If you sign up for Denver college professor Charles Angeletti’s American Civilization class, be forewarned that you’re going to have to recite his invective-filled ‘New Pledge’ — and according to some of his students, also be ready to swallow a big helping of his politics.
Angeletti, who teaches at Metropolitan State University of Denver, has students learn an anti-American spoof of the Pledge of Allegiance that denounces the U.S. as a Republican-controlled bastion of injustice, all while spewing his own far-left brand of politics, according to current and former students.
“I pledge allegiance to and wrap myself in the flag of the United States Against Anything Un-American,” reads Angeletti’s version. “And to the Republicans for which it stands, two nations, under Jesus, rich against poor, with curtailed liberty and justice for all except blacks, homosexuals, women who want abortions, Communists, welfare queens, treehuggers, feminazis, illegal immigrants, children of illegal immigrants, and you, if you don’t watch your step.”
“We’re very racist, we’re very repressive, we’re very Christian oriented, we don’t tolerate other kinds of thinking in this country.”- Charles Angeletti, professor at Metropolitan State University
The anti-U.S. recitation, first reported by higher education blog Campus Reform, was a satirical pledge aimed at getting students to question their nation’s leadership, Angeletti said. The self-proclaimed atheist and socialist told the site that he has been distributing the pledge in his classes for nearly 20 years as part of his lesson plan.read more- College prof makes students recite anti-American ‘pledge of allegiance’ | Fox News.
R.J. Moeller graduated from Taylor University in 2005 with a degree in business and is currently a…Read more about RJ Moeller
It’s been a few weeks since I last posted something in my “Bible & Economics” series, but I think a return to the topic is well served by the verses from II Thessalonians I’ve selected to delve in to today. This passage, more than perhaps any other in all of the New Testament, is responsible for directing a younger version of the R.J. Moeller that blogs before you today on a path leading sharply away from conventional modern thinking on the topics of welfare, wealth redistribution and the seemingly inescapable “social justice.” (By the way, is there “social truth” or “social patience”?)
From II Thessalonians 3:6-12:
Now we command you, brothers, in the name of our Lord Jesus Christ, that you keep away from any brother who is walking in idleness and not in accord with the tradition that you received from us. For you yourselves know how you ought to imitate us, because we were not idle when we were with you, nor did we eat anyone’s bread without paying for it, but with toil and labor we worked night and day, that we might not be a burden to any of you. It was not because we do not have that right, but to give you in ourselves an example to imitate. For even when we were with you, we would give you this command: If anyone is not willing to work, let him not eat. For we hear that some among you walk in idleness, not busy at work, but busybodies. Now such persons we command and encourage in the Lord Jesus Christ to do their work quietly and to earn their own living.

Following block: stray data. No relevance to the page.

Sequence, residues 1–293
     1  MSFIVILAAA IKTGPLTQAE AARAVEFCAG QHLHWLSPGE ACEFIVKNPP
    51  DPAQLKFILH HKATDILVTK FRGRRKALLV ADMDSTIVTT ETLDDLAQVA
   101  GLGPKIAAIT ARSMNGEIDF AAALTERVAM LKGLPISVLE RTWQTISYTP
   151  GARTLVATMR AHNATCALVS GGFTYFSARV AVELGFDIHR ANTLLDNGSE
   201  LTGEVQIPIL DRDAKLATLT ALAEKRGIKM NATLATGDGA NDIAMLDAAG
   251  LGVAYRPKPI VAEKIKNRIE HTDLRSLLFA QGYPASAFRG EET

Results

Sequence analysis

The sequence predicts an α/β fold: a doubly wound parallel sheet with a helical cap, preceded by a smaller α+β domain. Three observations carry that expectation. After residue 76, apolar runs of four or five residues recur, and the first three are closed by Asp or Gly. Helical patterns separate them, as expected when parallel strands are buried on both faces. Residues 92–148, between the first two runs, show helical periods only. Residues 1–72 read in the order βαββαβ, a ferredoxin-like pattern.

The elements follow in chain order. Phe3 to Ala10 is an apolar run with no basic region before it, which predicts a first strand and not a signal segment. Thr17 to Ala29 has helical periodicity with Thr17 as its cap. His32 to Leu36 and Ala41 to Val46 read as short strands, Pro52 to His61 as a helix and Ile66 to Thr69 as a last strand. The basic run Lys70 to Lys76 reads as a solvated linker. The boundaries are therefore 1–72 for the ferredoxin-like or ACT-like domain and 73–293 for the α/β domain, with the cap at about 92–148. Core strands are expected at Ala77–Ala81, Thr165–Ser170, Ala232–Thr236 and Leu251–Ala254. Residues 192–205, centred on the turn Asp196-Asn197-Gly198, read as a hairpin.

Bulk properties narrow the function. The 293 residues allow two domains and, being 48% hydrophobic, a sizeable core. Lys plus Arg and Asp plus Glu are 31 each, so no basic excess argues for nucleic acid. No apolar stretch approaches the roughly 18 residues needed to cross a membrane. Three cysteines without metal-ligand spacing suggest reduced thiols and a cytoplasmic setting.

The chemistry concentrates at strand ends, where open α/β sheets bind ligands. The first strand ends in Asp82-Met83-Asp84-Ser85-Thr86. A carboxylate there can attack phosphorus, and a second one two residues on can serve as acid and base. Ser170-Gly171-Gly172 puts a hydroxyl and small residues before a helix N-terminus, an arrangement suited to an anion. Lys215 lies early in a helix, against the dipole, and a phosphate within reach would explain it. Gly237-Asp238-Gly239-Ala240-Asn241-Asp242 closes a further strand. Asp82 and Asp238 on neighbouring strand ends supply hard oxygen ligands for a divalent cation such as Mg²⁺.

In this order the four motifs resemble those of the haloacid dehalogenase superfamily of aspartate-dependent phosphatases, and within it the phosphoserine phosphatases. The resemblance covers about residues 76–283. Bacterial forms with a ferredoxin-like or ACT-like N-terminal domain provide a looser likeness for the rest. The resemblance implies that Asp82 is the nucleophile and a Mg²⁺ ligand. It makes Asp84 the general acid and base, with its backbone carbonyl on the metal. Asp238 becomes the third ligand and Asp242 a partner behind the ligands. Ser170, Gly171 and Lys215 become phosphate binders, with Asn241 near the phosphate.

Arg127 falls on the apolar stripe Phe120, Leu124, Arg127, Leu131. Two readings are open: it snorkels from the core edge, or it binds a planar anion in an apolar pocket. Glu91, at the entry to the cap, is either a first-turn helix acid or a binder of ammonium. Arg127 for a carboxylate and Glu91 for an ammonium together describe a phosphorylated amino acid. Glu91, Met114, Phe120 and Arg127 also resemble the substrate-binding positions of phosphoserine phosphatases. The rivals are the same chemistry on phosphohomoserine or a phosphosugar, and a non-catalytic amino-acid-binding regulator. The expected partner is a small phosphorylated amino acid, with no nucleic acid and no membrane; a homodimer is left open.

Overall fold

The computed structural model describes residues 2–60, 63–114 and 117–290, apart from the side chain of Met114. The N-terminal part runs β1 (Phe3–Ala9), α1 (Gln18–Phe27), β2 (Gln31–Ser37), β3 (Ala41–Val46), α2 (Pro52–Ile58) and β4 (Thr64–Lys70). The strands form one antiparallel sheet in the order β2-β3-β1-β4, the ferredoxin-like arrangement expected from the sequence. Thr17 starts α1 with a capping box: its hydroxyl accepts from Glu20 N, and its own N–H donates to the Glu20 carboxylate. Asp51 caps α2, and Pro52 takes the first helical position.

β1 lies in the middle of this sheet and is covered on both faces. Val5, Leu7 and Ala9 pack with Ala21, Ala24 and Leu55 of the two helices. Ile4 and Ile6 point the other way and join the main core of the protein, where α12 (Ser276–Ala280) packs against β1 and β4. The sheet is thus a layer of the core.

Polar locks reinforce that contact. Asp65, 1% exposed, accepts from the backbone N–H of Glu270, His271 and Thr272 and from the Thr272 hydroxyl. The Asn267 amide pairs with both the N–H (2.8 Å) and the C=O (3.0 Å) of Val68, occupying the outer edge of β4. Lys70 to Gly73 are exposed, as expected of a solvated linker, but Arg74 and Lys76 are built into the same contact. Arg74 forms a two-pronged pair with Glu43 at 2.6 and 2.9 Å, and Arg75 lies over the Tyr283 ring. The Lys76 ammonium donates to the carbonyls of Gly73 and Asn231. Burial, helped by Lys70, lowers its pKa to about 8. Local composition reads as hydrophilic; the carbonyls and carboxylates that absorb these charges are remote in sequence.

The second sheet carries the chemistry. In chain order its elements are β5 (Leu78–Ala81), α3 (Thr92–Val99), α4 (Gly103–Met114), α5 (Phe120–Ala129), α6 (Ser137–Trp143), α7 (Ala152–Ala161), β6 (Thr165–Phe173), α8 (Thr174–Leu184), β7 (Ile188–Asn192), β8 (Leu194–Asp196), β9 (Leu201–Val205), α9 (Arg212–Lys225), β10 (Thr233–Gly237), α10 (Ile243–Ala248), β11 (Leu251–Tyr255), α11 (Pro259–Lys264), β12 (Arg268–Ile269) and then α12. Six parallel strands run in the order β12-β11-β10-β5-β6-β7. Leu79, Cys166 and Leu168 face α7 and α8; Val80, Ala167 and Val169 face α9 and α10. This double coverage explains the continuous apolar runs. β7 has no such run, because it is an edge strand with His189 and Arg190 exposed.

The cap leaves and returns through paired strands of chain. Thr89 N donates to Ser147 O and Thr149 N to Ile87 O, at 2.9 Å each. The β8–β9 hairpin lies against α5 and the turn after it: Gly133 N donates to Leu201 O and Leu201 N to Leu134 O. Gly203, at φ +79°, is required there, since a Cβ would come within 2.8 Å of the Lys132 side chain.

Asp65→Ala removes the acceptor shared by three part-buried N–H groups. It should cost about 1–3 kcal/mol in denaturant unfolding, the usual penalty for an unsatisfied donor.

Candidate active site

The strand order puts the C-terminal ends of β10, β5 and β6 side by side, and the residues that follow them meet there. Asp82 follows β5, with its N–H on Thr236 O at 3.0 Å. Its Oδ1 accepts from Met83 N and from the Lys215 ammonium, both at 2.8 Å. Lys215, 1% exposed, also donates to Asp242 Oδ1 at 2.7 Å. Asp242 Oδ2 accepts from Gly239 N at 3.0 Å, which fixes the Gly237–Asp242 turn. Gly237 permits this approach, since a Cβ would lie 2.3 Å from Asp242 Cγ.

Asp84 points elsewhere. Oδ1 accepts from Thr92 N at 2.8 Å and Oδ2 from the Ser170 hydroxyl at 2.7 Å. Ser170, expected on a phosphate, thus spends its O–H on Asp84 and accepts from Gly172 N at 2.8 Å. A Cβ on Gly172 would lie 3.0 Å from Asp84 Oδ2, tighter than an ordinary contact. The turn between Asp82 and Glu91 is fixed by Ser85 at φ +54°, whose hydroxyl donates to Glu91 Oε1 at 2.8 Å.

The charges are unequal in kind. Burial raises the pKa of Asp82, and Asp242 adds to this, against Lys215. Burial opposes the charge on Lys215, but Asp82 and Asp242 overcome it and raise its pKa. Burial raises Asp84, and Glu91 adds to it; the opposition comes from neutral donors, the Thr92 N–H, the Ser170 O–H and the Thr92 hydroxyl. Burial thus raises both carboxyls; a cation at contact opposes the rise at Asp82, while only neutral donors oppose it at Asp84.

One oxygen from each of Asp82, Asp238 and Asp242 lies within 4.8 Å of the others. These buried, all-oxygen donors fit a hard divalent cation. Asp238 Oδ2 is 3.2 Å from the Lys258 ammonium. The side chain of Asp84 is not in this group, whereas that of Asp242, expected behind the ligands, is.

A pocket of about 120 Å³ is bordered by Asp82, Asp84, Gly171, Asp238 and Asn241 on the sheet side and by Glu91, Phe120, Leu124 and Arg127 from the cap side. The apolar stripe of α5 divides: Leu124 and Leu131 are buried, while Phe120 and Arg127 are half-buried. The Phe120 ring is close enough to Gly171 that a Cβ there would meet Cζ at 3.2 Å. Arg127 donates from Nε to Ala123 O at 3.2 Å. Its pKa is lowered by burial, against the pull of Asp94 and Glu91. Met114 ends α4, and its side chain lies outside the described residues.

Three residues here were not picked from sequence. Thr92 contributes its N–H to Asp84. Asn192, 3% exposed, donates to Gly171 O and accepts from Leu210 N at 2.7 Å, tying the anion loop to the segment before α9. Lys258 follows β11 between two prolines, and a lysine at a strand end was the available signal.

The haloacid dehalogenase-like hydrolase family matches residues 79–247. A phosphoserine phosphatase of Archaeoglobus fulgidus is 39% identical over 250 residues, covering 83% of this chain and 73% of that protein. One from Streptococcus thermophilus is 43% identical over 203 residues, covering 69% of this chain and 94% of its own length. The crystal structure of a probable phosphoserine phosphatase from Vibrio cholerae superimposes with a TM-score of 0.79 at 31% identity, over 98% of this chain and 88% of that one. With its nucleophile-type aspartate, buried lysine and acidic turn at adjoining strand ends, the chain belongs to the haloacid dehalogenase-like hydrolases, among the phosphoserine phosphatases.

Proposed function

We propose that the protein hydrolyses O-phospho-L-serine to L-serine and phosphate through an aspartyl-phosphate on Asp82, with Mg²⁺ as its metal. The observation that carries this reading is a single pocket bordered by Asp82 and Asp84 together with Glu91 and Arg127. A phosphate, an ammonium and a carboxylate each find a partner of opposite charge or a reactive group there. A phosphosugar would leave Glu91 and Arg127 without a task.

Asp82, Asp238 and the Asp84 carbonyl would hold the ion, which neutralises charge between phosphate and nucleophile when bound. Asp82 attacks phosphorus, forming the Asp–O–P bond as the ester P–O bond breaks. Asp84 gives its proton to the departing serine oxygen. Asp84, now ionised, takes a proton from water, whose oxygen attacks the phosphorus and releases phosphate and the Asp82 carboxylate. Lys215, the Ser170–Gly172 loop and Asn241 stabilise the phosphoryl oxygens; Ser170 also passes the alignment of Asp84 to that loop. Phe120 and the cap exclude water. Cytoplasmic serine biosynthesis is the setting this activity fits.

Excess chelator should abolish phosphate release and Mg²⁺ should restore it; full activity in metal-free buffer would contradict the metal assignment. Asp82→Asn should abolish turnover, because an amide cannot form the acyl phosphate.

A simple, straight-forward reading of this text is a clear and present danger to advocates of a welfare state, but especially to those who also claim allegiance to the body of Christ and his word. However, in a sinful, fallen world—one wrought with hypocrisies, guilt, past societal sins, etc.—“simple” and “straight-forward” are luxuries the thoughtful believer can rarely enjoy, at least not when entering the contentious fray of the public square with their theological convictions in tow (as they most definitely should).
So let me quickly give my brief exegetical overview of the passage above, and then connect a few dots between what Paul wrote and some of the appropriate conclusions one ought to be able to draw in terms of public policy debates.
Now there are some who try to deflect the very real importance of these verses to a Christian’s attitude about how best to help the poor by saying that the “idlers” Paul is calling out are simply misguided believers who are under the impression Christ’s return was imminent. This is a distinction without a difference. Being lazy on a nuclear submarine with the key that launches Armageddon might be different in form, but is no different in substance than an idle Dairy Queen worker who procrastinates sweeping up the sprinkles his portly manager asked him to take care of the previous day.
Habitual idleness is a matter of the heart. (Believe me, I know first-hand.)
Refusing to work or provide for your family because you’re convinced Jesus is returning over the upcoming three-day weekend is, according to scripture, just as much of a sin as an able-bodied human being refusing to work or provide for their family because some well-intentioned bureaucrat is intent on giving them money they didn’t earn.
Right off the bat in verse 6, Paul exhorts the church body to “keep away from” anyone who is living an idle, lazy life and remains needlessly dependent on others. Pretty harsh, no? Not very “social” of him, right? I’ll even admit that nearly every time I read these words, I wince a little. All of the “But what about…” exceptions and exemptions start piling up on my conscience.
But if we’re serious about scripture, we know that scripture is serious about sin. Idleness and making yourself a prolonged and unnecessary burden on someone else, is a sin. There’s no way around that. The Greek translation for the phrase “in idleness” translates to “in an undisciplined, irresponsible or disorderly manner.” Keep that definition in mind for later.
Verses 7-9 are Paul’s reminder that he hasn’t simply preached against things like idleness and being a burden on others, but has modeled for the good people of Thessalonica the appropriate way to live. Paul was a minister of the gospel, and therefore was entitled to living off of the charity that came from other believers. But he feared that a lifetime of such dependency would weaken his witness, and, I don’t think it is unfair to infer, his character.